Public outrage is valuable for those seeking political power. That it is still generated so easily shows that the Arab Spring has not yet done its work.
The politics of outrage is still an irresistible temptation
One of the hopes - for me at least - of the Arab uprisings is that they will lead to a qualitative change in the substance of Arab politics. I mean this not just in the sense that undemocratic regimes will be undone, replaced by real politics with real stakes and rotation of power. I also mean that I hope the uprisings can short-circuit some old tropes of regional politics, about identity, wounded pride and angry impotence.
Alas, this week's embassy protests and senseless killings show there is still much farther to go.
Protests and incitement about books, films or statements deemed insulting to Islam have for decades been a staple tool of Islamists, and of both religious and secular governments in the region.
Consider the 2005 Danish cartoon crisis, when thousands took to the streets against offensive cartoon depictions of Prophet Mohammed - months after they had been published. This was fomented in good part by the governments of Saudi Arabia and Egypt, which, at a meeting of the Organization of the Islamic Conference, refocused the region's attention on a newspaper published four months earlier.
That resulted in protests (apparently backed by both governments and the Islamist movements with which they usually fought). In Syria and Gaza at least, governments apparently allowed several European embassies to be raided. The Danish embassy in Pakistan was also bombed. By early 2006, over 100 had died either as a result of the attacks or because of the efforts to control the riots worldwide.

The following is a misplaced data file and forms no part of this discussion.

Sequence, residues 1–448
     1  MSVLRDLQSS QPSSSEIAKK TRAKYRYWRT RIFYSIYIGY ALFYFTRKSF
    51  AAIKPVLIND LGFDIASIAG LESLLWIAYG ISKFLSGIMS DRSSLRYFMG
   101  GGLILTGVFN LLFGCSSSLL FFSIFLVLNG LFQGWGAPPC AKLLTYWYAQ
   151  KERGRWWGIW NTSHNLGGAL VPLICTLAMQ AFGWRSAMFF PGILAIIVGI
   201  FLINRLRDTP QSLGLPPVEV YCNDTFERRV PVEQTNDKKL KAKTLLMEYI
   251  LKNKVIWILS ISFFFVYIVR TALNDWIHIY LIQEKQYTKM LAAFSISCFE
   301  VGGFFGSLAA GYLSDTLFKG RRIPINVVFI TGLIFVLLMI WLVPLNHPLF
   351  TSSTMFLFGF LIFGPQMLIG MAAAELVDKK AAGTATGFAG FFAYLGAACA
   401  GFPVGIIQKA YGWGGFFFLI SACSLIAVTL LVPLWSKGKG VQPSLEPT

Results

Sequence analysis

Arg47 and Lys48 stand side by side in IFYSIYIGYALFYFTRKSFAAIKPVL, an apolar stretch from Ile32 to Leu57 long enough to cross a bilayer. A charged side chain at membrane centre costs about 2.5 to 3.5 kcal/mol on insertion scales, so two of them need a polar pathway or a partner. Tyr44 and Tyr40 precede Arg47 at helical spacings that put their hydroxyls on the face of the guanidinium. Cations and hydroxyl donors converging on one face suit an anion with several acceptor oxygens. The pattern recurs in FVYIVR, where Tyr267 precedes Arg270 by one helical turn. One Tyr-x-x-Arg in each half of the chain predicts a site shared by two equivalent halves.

Other examples quickly come to mind, from the 1988 fatwa by Iran's Ayatollah Ruhollah Khomeini against British-Indian novelist Salman Rushdie to the Egyptian Muslim Brotherhood's campaign in 2000 against Syrian novelist Hayder Hayder's Banquet for Seaweed.
These usually served political purposes - no doubt Khomeini used the Rushdie fatwa to distract Iranians from the consequences of the terrible war with Iraq he prolonged; the Muslim Brothers loved to embarrass the government for having published Hayder's book. And in 2005, the Mubarak regime made use of the Danish cartoon crisis just as it was coming under increased domestic and external pressure to democratise.
Islamist movements (even if they are not alone in this) have shown that they excel in using an insult (real or perceived) as part of their culture wars: the tactic is to portray themselves as the sole defenders of the faith. In this week's case, they chose to do so even though the film in question was released only online and no one would have heard of it or paid attention to it without their efforts.
This, perhaps, is what has changed between the 1988 Rushdie fatwa and more recent examples of Islamist outrage: thanks to the internet, a regional Danish newspaper or an amateur film have become targets just as much as a celebrated, best-selling novelist.